The lack of a local supplier in Southeast Michigan for native plants also has ramifications for West Michigan. While a West Michigan nursery specializing in these plants wouldn’t be local from Detroit’s perspective, it would be much closer than Illinois or Wisconsin. A plan to grow and market native plants in Southeast Michigan can potentially be used as a template for opening a similar operation in West Michigan. There are numerous watershed and water-focused environmental groups in West Michigan who might collaborate in a manner similar to those in the east for the same purpose.

The tracking and cataloging of GSI installations are issues where West Michigan might learn from the five-county focus of the study. The government employees in our sessions raised this as a significant issue as “we just don’t know what is out there.” As these systems get older this is likely to become an increasingly important issue. If no one knows where these systems are located, it is difficult to inspect or maintain them. If a system fails, it may require several significant weather events before stakeholders realize the cause of the issue. In this particular area, West Michigan is actually ahead of our colleagues across the state as the City of Grand Rapids and LGROW are actively working to populate a database of these installations. From a policy perspective, it is important that this database is both complete and easily accessible as it may be influential in maintaining a consistent level of green stormwater performance over time. As funding will likely become scarcer, maintaining focus and the dollars devoted to this project are important considerations. Second, developing a proactive plan for how this database will be used is important. When will each type of installation be inspected? What are the expected levels of performance for each type of installation? What is the process for remedying a non-performing installation? These are all questions that can and should be answered in conjunction with the completion of the database.


There is already substantial collaboration between municipalities, watershed organizations, and water quality advocates in West Michigan on GSI education and implementation, and GVSU and WMEAC have been working on making the business case for environmental assets and GSI for more than a decade (Isely et al, 2010; Isely et al, 2018; Nordman et al, 2018). Stormwater runoff is the largest source of pollution in our local waterways (McMahon, 2016). With our changing climate, we can anticipate more rain, more often. We will all need to take a larger role in managing stormwater, and the Collaborative’s efforts to catalyze a business response that facilitates GSI in Southeast Michigan can have significant benefits statewide.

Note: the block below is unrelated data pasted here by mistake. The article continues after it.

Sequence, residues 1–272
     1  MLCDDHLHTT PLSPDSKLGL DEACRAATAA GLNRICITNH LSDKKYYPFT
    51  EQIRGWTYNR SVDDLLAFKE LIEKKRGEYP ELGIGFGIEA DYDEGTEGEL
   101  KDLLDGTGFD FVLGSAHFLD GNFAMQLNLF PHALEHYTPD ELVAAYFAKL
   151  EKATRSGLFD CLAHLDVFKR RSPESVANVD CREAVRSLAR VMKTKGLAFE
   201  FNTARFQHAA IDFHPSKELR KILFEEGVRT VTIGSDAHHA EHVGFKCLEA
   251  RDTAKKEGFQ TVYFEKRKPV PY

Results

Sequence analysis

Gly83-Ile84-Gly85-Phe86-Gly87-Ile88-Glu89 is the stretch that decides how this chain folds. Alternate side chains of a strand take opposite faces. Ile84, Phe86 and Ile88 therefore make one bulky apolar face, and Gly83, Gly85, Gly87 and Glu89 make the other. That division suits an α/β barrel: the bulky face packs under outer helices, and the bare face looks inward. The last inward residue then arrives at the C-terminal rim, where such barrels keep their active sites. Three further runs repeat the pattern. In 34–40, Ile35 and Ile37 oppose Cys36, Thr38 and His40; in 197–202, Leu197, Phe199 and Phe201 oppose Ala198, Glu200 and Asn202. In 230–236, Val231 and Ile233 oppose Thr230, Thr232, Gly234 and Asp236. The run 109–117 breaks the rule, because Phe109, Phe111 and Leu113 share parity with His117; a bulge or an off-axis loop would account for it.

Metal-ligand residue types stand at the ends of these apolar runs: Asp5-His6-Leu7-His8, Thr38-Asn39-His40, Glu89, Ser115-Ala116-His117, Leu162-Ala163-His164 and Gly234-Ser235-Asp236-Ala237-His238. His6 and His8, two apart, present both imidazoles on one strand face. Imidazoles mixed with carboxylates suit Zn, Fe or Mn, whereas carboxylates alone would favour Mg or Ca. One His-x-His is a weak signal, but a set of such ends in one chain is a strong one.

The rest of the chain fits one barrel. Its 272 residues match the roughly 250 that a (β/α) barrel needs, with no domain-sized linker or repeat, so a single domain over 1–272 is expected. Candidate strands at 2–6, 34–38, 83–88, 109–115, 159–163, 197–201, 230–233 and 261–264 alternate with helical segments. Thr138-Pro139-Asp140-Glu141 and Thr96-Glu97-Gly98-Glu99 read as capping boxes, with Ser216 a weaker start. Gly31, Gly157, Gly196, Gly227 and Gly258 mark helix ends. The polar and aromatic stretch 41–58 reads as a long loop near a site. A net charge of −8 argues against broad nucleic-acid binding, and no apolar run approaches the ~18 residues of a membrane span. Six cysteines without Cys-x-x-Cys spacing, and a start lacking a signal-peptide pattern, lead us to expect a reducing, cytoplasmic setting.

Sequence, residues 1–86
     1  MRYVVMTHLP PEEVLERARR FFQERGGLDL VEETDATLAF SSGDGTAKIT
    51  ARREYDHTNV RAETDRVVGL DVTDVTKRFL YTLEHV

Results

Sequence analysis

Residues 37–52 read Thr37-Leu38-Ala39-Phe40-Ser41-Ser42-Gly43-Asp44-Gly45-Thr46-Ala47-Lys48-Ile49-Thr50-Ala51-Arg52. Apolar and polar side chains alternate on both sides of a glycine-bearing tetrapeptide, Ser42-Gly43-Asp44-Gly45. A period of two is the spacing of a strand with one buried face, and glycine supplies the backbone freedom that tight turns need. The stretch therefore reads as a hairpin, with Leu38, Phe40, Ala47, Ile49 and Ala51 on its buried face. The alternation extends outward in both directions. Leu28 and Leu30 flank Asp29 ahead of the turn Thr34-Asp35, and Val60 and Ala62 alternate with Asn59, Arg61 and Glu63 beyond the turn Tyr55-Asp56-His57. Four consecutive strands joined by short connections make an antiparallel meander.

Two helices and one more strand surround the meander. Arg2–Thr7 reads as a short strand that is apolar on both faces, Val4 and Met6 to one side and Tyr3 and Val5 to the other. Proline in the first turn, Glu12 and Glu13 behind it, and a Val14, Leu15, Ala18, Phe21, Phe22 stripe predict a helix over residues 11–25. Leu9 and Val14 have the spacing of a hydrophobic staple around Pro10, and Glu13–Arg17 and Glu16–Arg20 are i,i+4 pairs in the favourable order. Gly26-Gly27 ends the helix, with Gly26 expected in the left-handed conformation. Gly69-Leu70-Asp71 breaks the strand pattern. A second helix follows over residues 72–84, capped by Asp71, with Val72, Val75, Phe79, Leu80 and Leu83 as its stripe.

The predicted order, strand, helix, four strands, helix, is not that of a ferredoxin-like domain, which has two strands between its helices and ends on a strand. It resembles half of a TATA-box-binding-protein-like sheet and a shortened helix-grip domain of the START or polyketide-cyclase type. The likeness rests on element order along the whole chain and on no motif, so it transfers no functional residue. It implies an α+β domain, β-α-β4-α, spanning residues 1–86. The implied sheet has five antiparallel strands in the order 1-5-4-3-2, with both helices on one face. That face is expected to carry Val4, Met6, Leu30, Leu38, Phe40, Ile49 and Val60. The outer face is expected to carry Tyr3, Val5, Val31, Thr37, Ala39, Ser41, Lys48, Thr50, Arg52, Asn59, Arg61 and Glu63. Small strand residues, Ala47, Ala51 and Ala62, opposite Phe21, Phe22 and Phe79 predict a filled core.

EPA. (n.d.). What is Green Infrastructure.

Isely, E. S., Isely, P., Seedang, S., Mulder, K., Thompson, K., & Steinman, A. D. (2010). Addressing the information gaps associated with valuing green infrastructure in west Michigan: INtegrated Valuation of Ecosystem Services Tool (INVEST). Journal of Great Lakes Research36(3), 448-457.

Isely, P., Isely, E. S., Hause, C., & Steinman, A. D. (2018). A socioeconomic analysis of habitat restoration in the Muskegon Lake area of concern. Journal of Great Lakes Research44(2), 330-339.

McMahon, M. (2016, May 1). Addressing America’s Largest Growing Source of Water Pollution: Stormwater Runoff.

Nordman, E. E., Isely, E., Isely, P., & Denning, R. (2018). Benefit-cost analysis of stormwater green infrastructure practices for Grand Rapids, Michigan, USA. Journal of Cleaner Production200, 501-510.